| Well, with an inner city legend like Crow where does one begin? Does one litter it with superlatives and hyperbole terms which are more a tool of marketing graduates than that of a fan? Definitely not. Crow the lovely 4 letter word they were, made a huge presence in a city defined by its rock and roll/pop/thrash lineage. Local magazine 'Juice' in 1998 labeled them to be the 'best band in Australia since the Birthday Party'. High praise indeed but unnecessary and very spoiled. For how could one be termed the best? Should they not be considered one of the more important bands since then? Crow were a breath of fresh air. They defied categorisation, a band who simply defined difference and that for me and many made a fine love affair.
To understand Crow the band is to endure a journey of emotive qualities which soared at its best moments and plunged at its worse. The early Crow years from 1988 to 1992 were a shambolic affair and for many the most memorable. The excitement of band who could so easily derail was well worth its ticket. Both Peter (vocals and guitar) Fenton and John Fenton (drums) such nervy personalities that they are played on sheer energy and rawness. Bassist Jim Woff and lead guitar/axeman Peter Archer helped this spark no end. Tracks from their first vinyl 'Sunburnt Throats and Happy Thunderclouds' (Phantom) like the epic 9 minute 'Charlie Horses' and the achingly beautiful 'Sourpuss' echo this claim.
To witness an earlier Crow show was an affair to be believed. I remember many an overseas band, i.e. The Verlaines and Straitjacket Fits being blown away by their intensity. It was as if the gig was over once Crow had packed up and finished. Rather than showering over you their music had that special quality of moving through you like drugs can but less expensive. Later on the band lost the likes of Fenton, J. and Archer but not before they recorded a memorable Australian album called 'My Kind of Pain' (HAC 19) that was subsequently nominated for an ARIA award in 1993. Recorded and produced by Steve Albini (Big Black) in 1992 and re-mixed by local Tim Whitten in 1993, it was an album that reflected a more mature sound particularly evident in 'Railhead' and the cracking 'How and Why Wonder'.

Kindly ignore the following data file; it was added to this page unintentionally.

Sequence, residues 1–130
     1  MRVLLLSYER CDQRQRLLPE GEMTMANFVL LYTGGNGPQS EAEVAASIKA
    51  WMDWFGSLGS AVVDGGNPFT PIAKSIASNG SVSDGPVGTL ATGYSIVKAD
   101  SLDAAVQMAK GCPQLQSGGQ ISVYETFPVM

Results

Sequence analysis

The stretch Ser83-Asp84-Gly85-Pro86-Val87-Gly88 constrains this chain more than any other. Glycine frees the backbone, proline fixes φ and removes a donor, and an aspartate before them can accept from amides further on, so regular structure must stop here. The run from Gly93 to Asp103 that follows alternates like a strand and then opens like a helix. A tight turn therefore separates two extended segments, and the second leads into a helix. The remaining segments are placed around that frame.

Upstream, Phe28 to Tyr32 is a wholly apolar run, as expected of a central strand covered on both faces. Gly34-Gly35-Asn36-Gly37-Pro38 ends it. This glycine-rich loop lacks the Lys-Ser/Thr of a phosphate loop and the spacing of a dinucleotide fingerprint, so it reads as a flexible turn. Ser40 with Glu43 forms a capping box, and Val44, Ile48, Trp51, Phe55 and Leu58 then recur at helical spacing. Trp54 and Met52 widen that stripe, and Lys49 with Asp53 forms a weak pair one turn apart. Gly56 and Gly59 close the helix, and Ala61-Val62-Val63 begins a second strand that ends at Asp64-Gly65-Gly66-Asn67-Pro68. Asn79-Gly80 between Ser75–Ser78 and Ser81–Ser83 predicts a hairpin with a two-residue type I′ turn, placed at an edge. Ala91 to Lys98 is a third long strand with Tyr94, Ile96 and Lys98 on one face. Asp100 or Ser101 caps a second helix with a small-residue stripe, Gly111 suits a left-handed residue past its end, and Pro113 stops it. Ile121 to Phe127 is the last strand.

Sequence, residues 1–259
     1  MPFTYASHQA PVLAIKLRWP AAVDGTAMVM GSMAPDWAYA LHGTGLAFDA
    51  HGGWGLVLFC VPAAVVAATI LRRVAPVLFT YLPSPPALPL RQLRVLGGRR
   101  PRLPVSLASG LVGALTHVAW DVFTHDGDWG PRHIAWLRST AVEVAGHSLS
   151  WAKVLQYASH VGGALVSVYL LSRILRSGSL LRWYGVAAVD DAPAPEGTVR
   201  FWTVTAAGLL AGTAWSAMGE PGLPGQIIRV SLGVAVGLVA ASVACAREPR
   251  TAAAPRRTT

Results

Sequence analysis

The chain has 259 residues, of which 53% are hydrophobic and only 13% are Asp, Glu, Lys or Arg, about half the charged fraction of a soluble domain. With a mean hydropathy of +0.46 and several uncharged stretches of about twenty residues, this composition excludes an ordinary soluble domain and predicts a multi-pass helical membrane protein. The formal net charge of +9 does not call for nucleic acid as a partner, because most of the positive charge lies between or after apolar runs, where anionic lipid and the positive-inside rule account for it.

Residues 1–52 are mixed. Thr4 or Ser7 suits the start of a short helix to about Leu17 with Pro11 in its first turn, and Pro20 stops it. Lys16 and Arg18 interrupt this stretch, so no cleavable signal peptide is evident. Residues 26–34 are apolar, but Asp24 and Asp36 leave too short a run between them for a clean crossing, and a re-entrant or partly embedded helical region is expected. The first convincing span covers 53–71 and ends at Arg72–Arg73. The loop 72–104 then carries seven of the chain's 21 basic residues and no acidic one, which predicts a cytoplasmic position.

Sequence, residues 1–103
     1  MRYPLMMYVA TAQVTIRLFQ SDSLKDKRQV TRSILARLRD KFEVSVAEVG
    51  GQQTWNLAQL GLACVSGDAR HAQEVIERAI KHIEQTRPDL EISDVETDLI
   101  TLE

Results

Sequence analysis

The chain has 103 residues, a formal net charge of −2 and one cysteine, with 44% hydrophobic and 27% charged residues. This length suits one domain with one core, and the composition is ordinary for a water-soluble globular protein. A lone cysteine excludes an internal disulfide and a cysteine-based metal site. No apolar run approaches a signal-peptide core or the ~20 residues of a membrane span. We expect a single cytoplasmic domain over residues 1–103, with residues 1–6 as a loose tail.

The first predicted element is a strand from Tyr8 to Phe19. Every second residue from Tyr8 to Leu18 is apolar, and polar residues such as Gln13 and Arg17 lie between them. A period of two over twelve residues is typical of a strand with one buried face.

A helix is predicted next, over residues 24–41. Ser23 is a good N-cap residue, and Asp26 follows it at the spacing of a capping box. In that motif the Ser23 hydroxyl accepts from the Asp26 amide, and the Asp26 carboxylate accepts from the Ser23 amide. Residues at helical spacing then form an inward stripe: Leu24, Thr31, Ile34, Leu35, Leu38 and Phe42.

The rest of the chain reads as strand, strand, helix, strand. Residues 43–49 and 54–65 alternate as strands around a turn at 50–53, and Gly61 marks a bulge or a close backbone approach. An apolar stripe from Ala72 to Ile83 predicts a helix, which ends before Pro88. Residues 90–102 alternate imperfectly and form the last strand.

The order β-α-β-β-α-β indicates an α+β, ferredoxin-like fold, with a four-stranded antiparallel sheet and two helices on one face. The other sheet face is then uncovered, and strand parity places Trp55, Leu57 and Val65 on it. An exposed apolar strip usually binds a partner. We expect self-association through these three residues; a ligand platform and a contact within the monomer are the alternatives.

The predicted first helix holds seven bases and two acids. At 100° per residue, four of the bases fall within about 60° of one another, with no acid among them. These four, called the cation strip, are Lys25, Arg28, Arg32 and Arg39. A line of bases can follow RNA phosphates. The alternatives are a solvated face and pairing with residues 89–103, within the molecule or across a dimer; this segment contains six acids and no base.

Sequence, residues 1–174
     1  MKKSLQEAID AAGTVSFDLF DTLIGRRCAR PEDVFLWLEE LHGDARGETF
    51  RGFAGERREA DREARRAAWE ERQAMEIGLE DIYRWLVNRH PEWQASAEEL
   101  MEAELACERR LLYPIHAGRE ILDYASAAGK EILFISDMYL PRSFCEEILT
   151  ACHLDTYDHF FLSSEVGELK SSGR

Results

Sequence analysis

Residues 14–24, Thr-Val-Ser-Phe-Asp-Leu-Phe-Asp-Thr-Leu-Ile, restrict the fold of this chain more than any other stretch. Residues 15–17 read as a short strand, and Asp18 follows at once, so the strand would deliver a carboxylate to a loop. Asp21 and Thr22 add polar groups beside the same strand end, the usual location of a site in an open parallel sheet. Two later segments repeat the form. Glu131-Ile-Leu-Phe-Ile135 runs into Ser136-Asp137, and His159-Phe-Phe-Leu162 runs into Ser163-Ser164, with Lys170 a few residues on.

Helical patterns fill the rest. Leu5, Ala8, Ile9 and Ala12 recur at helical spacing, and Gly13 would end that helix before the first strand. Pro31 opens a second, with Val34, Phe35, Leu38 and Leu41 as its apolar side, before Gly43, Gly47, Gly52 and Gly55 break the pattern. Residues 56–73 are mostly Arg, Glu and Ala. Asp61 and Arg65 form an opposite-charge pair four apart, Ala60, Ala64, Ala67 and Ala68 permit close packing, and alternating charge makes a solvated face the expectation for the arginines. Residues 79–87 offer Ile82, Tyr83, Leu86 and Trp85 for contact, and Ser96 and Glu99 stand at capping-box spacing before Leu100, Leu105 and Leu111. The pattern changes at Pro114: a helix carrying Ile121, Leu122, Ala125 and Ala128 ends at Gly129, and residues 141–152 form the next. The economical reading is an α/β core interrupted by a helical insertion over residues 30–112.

Set ListJohn Fenton left the band not long after 'My Kind of Pain' and was replaced by Andy Marks ( Lunarcide). Another Half A Cow release followed with 'Helicon Days' in 1994. Extensive touring followed and it wasn't long before the band became hot property as color spreads on weekly magazines started to occur. The band was snapped up by large local label Roo Art who released their second album 'Li-Loing' in 1995.
Peter Archer then moved to Melbourne in 1996 to start a family and this left the band without one of its real creators. Though the extraordinary talents of Chris Abrahams and Michael Christie were added on keyboards a more stripped back sound evolved and this is very evident on their last player 'Play With Love' in 1998. Though the said album received industry kudos it was not the necessary amount of sales support needed for a major label like BMG.
Crow will be sorely missed. Any memory is a worthy one.
Bob Blunt, May 1999